Metsing sells GNU idea again

Metsing sells GNU idea again

MASERU – Lesotho Congress for Democracy (LCD) leader, Mothetjoa Metsing, says he recently met with Deputy Prime Minister Monyane Moleleki to push the idea of a Government of National Unity.
Metsing said Moleleki, who is the leader of the Alliance of Democrats (AD), did not only agree with the idea “but reminded me that the Government of National Unity was their idea as the AD party”.

Metsing was speaking at his party’s rally in Qeme constituency last weekend.
Moleleki was the first to call for a GNU after he defected from the Democratic Congress (DC) to form the AD but that idea was quickly shot down by the government led by then Prime Minister Pakalitha Mosisili.
Metsing was a deputy Prime Minister during that government.
The LCD leader said he had also spoken with Moleleki over the need to set up a Truth and Reconciliation Commission to investigate human rights abuses in Lesotho.

Metsing told his supporters that some people were kidnapped in the past while others disappeared for good but their issues have not been resolved.
He said a number of political parties were no longer hostile to the idea of a GNU.
Metsing has consistently pushed for a GNU since his return from exile in South Africa in February. Most political parties dismissed his call.
The situation however turned dramatically after he found a listening ear in the unlikeliest of allies in Prime Minister Thomas Thabane whose government was battling to evade a vote of no-confidence.
Metsing said he had also met with Professor Nqosa Mahao who is pushing for Thabane’s ouster. He said they had also discussed at length the idea of a GNU.
He however did not disclose if Mahao bought the idea or not.

Metsing admitted that since his LCD only has 11 seats in Parliament, it would be impossible for him to become either a Prime Minister or a deputy premier under such a GNU arrangement.
He said since he was a deputy PM, he cannot see himself becoming a minister again.

He said their expectation is that the LCD could be given a ministerial portfolio in the GNU but he said he will not be that minister.
Metsing said the recruitment of officers based on political affiliation was rife in the public service and in the security agencies.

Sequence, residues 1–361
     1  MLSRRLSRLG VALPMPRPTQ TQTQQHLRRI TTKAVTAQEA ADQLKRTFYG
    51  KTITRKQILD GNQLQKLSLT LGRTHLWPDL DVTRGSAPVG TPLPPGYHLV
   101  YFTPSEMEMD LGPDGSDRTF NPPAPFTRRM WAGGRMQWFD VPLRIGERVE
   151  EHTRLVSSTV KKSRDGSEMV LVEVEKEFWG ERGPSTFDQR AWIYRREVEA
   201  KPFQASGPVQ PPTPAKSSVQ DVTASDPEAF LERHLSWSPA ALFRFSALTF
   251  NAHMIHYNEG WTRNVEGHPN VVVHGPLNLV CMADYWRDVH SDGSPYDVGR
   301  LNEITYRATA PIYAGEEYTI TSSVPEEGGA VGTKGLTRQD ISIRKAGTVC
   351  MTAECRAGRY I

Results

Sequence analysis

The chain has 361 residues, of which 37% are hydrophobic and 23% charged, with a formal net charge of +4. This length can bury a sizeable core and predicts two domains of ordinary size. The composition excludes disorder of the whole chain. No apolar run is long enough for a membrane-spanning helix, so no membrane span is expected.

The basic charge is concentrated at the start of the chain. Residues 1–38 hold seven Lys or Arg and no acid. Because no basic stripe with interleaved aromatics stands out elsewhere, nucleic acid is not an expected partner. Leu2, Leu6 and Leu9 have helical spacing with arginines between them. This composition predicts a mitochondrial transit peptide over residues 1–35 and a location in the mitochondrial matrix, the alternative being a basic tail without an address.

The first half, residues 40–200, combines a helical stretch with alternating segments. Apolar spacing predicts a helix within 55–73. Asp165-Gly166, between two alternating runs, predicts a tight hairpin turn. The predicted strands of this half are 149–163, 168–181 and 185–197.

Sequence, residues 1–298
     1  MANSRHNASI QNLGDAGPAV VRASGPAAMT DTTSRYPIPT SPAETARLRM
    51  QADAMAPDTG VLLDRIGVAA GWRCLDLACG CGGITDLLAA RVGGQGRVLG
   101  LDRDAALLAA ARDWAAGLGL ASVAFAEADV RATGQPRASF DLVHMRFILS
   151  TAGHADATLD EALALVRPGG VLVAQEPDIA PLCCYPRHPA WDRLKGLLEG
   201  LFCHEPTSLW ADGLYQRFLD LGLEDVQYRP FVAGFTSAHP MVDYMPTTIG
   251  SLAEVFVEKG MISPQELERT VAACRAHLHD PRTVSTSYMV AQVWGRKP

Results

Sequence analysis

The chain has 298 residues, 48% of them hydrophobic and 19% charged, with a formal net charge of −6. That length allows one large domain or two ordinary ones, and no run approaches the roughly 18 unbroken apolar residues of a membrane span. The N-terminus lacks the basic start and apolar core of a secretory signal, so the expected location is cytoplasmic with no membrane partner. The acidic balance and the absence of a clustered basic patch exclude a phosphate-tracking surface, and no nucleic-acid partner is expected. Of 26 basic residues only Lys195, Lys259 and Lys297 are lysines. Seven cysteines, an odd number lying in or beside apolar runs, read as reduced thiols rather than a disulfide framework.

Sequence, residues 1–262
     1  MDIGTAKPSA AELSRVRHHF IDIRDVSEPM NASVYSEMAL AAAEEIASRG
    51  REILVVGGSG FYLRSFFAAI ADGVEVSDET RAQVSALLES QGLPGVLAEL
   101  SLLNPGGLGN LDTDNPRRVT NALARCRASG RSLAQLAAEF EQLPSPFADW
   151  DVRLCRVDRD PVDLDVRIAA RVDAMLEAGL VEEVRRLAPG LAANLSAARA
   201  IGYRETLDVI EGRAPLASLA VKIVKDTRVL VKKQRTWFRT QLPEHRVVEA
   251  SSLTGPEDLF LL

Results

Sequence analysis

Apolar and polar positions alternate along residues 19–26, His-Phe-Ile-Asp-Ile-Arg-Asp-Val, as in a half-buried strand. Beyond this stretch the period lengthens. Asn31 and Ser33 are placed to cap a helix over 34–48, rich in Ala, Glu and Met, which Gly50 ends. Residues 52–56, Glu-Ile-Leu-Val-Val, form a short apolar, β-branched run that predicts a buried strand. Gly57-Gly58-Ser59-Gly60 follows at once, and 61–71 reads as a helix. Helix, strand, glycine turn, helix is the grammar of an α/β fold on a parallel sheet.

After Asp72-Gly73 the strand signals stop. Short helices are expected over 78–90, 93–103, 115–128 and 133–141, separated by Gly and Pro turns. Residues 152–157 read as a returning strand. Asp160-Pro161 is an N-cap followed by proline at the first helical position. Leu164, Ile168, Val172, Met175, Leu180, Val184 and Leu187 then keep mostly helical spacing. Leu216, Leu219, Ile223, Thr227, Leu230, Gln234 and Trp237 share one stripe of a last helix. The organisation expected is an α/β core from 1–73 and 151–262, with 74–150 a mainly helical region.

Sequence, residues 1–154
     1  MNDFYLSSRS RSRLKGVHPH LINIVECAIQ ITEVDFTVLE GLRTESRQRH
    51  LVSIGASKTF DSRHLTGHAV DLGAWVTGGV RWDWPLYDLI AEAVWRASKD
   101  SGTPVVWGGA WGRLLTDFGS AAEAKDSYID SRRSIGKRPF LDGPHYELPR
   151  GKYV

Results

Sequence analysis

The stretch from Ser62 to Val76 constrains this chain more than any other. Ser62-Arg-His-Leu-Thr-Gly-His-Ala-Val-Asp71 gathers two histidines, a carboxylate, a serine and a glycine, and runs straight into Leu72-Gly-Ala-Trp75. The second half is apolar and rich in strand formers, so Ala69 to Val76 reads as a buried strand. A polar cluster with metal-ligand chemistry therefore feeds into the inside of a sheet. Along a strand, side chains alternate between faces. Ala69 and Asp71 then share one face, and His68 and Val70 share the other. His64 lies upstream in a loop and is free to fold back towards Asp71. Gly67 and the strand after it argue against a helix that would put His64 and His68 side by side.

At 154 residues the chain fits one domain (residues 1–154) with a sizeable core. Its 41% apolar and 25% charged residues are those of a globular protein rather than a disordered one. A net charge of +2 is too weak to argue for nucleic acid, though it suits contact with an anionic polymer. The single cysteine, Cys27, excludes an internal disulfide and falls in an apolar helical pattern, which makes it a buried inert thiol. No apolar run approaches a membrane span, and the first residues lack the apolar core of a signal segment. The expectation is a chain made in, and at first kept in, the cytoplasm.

“Every Mosotho must benefit and not only those in government,” he said.
He said Lesotho’s problems are huge and need collaboration from all of Lesotho’s political parties.
“We are Christians and also we are Basotho. And we have our political parties,” he said.

He said the SADC-driven reforms must also be done collectively.
“We preach for a GNU for the sake of Basotho,” he said.
He said nepotism will only end when the political parties collaborate.
Metsing said Lesotho’s problems require unity and collaboration stressing that the government must benefit the entire nation.
He said they do not want snap elections as it will be the third election within a short period.

He said they are working towards ensuring constitutional amendments that will see a change of government being done in Parliament instead of resorting to snap elections when a Prime Minister loses support.
Metsing also said he met opposition party leaders for talks and they agreed to clip the Prime Minister’s powers to advise the King to dissolve Parliament when he faces a motion of no-confidence.
He said he was optimistic because “the opposition has proven that they have the numbers to vote in Parliament and win”.
He said he is hopeful that the idea of a GNU will prevail because people are starting to understand it.

Metsing said MPs access interest-free loans after every election and dissolving Parliament every time a Prime Minister loses the numbers in the House is proving costly to Lesotho.
He said opposition MPs have seconded him on the idea.
“All the opposition leaders agree with that,” Metsing said.
He said mistakes should not be corrected by another mistake.

The AD spokesman, Thuso Litjobo, said the party’s national executive committee has not sat down to discuss the idea of a GNU and how they could work together with the LCD.
“I am not in any position to confirm that now because issues discussed with the leader are normally reported to the national executive committee, which is yet to sit,” Litjobo said.
Moleleki could not be reached for comment as his phone went unanswered.

Nkheli Liphoto


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